Roger and I returned to Ireland in April.
Our house is opposite the village chapel, which sounds the Angelus at twelve noon and six o’clock in the evening.
After living in the UK, where the Angelus is rarely heard, this was so exciting for me. I had the imagination that we were moving somewhere very traditionally Catholic. For we had lived in the rural West of Ireland before and were deeply moved by the piety we found there in the past …
The day we moved in, an exceptionally kind man helped us. He was from rural Donegal, renowned for being perhaps the most traditionally Catholic area in Ireland.
He and I were assembling a piece of furniture, when the Angelus bell rang. As I hesitated, waiting for him to join me in praying the Regina Caeli (for it was Eastertide), he said, “We haven’t got time to pray.” So I prayed the Regina Caeli alone.
I was absolutely gutted inside. My imaginations, or perhaps illusions, about the people here seemed dashed. This encounter has affected me more than I can say.
Now, you may think, well, this was simply one man and one incident. But, somehow, there was a deeper quality to the experience that suggested more than that.
On the other hand, over the months and weeks, I have been delighted to see how many people do come to Sunday Mass and how many also come to daily Mass. Our Priest is not at all shy of pointing out the fact that he notices when people don’t come. It has a great effect of swelling the congregation.
In the Christmas issue of the Irish Catholic Voice, there is an article about how Irish people now say “Happy New Year” on St. Steven’s day – as though Christmas is finished!
Strangely enough, last week, I heard the exact same words in a homily. The Priest stressed the importance of celebrating Christmas properly. He noted that after all the preparation throughout Advent, people seem to then rush Christmas and say, “Happy New Year” on St. Stephen’s day.
Naively, to both the article and the homily, I thought, it won’t be like that in our village. For in our village, people are more traditionally pious.
But to my dismay, on the third of January, the Octave Feast day of St. John the Evangelist, after Holy Mass, Roger and I were both approached separately and asked the very same question, “Have you got Christmas over then?”
To my questioner, I replied, “It is still Christmas.” The person treated me as though I was strange hanging on to Christmas and promptly changed the subject.
I was horrified.
“We haven’t even reached Epiphany”, I thought, “Why are people so keen to ‘get Christmas over’?”
The following morning, when I walked the dog in the early hours, through the dark streets of the village, my horror increased. Each and every house was bereft of Christmas décor. They had all taken it down. I was deeply saddened.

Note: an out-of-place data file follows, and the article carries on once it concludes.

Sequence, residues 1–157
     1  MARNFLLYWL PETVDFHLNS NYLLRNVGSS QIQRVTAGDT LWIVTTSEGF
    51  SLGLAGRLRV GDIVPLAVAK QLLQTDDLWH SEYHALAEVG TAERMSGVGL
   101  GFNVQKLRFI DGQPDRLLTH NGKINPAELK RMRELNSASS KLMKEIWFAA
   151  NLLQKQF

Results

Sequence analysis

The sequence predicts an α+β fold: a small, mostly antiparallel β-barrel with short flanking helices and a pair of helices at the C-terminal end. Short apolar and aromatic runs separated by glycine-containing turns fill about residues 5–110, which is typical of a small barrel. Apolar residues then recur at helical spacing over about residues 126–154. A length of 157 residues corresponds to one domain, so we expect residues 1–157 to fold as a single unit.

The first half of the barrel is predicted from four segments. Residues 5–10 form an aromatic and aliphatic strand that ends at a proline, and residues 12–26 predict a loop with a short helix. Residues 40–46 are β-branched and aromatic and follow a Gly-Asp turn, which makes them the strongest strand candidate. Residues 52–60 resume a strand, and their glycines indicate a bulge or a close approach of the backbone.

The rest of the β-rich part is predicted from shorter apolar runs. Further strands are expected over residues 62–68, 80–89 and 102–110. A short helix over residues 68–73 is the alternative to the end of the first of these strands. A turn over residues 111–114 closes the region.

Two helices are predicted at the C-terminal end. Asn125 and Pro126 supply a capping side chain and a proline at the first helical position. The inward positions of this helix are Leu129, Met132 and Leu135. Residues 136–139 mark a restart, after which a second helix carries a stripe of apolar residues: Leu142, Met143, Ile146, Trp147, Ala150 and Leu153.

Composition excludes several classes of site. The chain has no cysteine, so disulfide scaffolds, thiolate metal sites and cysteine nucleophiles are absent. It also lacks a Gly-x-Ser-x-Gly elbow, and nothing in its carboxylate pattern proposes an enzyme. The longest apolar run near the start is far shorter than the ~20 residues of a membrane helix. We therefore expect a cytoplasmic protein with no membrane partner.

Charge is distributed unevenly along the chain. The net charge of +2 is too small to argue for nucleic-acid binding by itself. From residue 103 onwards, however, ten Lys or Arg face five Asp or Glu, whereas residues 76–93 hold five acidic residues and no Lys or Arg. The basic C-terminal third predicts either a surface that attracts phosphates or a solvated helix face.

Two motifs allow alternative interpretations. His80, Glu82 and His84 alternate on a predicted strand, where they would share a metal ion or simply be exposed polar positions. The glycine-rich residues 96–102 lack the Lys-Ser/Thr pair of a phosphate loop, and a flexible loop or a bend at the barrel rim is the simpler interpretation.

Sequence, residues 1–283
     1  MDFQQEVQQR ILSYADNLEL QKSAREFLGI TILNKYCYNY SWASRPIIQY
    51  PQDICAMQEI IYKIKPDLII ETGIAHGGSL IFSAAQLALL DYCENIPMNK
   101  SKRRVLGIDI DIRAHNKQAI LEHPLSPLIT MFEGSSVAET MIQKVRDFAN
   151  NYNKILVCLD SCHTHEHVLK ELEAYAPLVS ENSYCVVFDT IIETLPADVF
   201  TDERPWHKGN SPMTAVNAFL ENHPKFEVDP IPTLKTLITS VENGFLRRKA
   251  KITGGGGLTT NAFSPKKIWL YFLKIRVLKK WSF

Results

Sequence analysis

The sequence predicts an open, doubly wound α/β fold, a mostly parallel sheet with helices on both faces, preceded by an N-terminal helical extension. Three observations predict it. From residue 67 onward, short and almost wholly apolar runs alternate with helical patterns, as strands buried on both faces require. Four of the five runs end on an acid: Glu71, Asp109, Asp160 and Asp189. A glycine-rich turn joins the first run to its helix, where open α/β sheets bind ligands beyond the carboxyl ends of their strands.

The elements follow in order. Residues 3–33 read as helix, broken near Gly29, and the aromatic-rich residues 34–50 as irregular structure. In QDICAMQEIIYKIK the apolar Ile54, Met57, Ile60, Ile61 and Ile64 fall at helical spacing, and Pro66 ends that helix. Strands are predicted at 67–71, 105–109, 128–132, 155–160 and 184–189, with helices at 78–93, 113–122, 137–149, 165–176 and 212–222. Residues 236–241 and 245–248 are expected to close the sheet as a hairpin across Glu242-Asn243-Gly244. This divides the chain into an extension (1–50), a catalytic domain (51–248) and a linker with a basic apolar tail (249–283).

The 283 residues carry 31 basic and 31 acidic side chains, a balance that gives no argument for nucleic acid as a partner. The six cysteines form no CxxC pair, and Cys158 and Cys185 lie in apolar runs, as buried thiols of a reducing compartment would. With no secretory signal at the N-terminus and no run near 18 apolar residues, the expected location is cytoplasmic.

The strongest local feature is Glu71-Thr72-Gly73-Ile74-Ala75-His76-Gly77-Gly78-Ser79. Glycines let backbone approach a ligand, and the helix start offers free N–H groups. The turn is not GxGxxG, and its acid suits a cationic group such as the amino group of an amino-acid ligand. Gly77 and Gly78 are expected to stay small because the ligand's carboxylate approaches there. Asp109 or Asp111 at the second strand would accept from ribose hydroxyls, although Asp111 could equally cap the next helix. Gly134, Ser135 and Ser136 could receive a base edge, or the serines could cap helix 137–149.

This is the most beautiful time of the year, when we witness the greatest miracle there ever was…
The Nativity of our Lord and Saviour.
It is the moment the Word became flesh. This miracle is unfathomable. Along with the Easter mystery, it is the most profound moment in history and fundamental for the understanding of our faith.
Through these Twelve Holy Days of Christmas we come to adore our tiny Saviour and allow Him to touch and heal our hearts.
And as we adore Him, as a tiny baby in the manger, there is a special magical quality, as though the angels are all around us.
So why is this most profound mystery, fundamental to our faith becoming lost?
The commercialisation of Christmas would seem to have catastrophic consequences on the awareness of our liturgical year. For people seem to easily get caught up in the commercialisation. By the time we arrive at Christmas itself, the profound mystery of the Word made Flesh has been obscured by the overbearing, crushing materialism of the season. People have had enough of it.
This is so incredibly sad, as Christmas, the time when we celebrate the birth of our Lord and Saviour, is perhaps the most precious time of the year. To spend the Twelve Days of Christmas rejoicing and celebrating, after our weeks of preparation through Advent, is deeply wondrous.
Something is very wrong, when commerce has more hold on the Catholic faithful than the Church Herself.
The Catholic Church is meant to provide an antidote to the world. She was established as a means to save our souls, to protect us from the dangers of the world, because we need protecting.
The more the Church is not experienced and understood as different from the world, the less we will receive Her necessary protection. Like sheep, we need to be penned in, or we are likely to stray.
For the Lord is the Good Shepherd and we are his sheep. His Church is our pen.
If the boundaries of this pen are not strongly secured, we are likely to stray.